HUMĀYŪṄ, NASĪR UD-DĪN MUHAMMAD (1508-1556), Mughal emperor of India, was born at Kābul on 6 March 1508, the eldest of the four sons of Zahīr ud-Dīn Muhammad Bābar. Humāyūṅ succeeded Bābar to the throne of Delhi in December 1530 at the age of 23, but his reign was beset with difficulties. Bābar had left an empire barely held by force of arms and lacking any consolidated civil administration. Though earlier Humāyūṅ had served an apprenticeship as governor of Badakhshāṅ, he did not have the sustained energy of his versatile father. Sher Khān Sūr, an Afghān chief, who had been consolidating his power in south Bihār, defeated him in a battle at Chausā on the Ganges, in 1540. Sher Khān again defeated Humāyūṅ still more decisively opposite Kanauj, and then pursued the fleeing Mughals to Lahore. Humāyūṅ became a homeless wanderer, first in Sindh, then in Mārvāṛ, and then in Sindh again. In 1544, he reached Persia and was granted asylum by Shāh Tahmāsp. In 1555, with Persian help, Humāyūṅ invaded India where four Sūr claimants were struggling for power. He occupied Delhi and Āgrā in July 1555, thus regaining his father's capital cities. But he was not destined to rule for long. An accidental fall from the staircase of his library at Delhi ended his troubled life in January 1556. His second reign lasted barely six months.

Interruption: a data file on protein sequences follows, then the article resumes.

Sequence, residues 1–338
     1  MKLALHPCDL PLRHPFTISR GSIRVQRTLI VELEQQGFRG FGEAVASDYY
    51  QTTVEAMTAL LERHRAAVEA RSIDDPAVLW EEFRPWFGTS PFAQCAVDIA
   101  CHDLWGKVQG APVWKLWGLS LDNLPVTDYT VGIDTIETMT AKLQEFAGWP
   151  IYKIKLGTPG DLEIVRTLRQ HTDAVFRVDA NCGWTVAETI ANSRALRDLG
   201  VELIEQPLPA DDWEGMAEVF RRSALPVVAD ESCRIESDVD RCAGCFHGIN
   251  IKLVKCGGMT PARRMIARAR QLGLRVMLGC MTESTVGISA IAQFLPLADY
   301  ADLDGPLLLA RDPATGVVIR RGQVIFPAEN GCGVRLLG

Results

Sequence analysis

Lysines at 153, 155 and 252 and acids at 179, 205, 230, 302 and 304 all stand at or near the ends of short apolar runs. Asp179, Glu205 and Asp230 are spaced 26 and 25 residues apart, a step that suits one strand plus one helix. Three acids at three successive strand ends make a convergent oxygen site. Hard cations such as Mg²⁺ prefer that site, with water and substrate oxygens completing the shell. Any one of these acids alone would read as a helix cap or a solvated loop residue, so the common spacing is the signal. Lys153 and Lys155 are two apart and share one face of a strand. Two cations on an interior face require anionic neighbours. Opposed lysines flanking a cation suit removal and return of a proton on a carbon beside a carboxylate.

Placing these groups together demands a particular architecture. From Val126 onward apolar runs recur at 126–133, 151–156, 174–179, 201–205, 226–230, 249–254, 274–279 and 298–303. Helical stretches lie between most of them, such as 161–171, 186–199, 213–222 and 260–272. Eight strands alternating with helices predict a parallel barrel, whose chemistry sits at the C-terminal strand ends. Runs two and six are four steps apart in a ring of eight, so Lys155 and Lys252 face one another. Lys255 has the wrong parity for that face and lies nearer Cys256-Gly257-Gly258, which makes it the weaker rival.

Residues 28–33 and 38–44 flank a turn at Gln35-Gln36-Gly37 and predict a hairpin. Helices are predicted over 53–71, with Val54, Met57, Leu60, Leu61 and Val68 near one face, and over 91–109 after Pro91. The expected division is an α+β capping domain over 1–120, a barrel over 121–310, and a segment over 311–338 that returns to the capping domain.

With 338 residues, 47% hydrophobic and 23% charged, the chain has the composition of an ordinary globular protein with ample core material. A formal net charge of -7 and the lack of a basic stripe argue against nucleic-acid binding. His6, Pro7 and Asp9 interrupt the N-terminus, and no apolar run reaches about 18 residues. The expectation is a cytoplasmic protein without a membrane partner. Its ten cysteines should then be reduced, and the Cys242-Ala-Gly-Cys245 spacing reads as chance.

The story of Humāyūṅ's visit to the second Sikh Gurū, Aṅgad, after having been defeated by Sher Khān Sūr, is referred to in Sikh chronicles. It is recorded that Humāyūṅ went to Khaḍūr to seek the Gurū's blessing. At the time of his visit, the Gurū was in meditation and Humāyūṅ, impatiently waiting for the Gurū to attend to him, was in a rage. As the tradition goes, he attempted to draw his sword to attack the Gurū. However, the sword would not come out of the scabbard. Meanwhile, the Gurū came out of the trance and remarked that he should have drawn his sword against his enemies. Humāyūṅ was repentant and craved forgiveness.
Srī Rām Sharma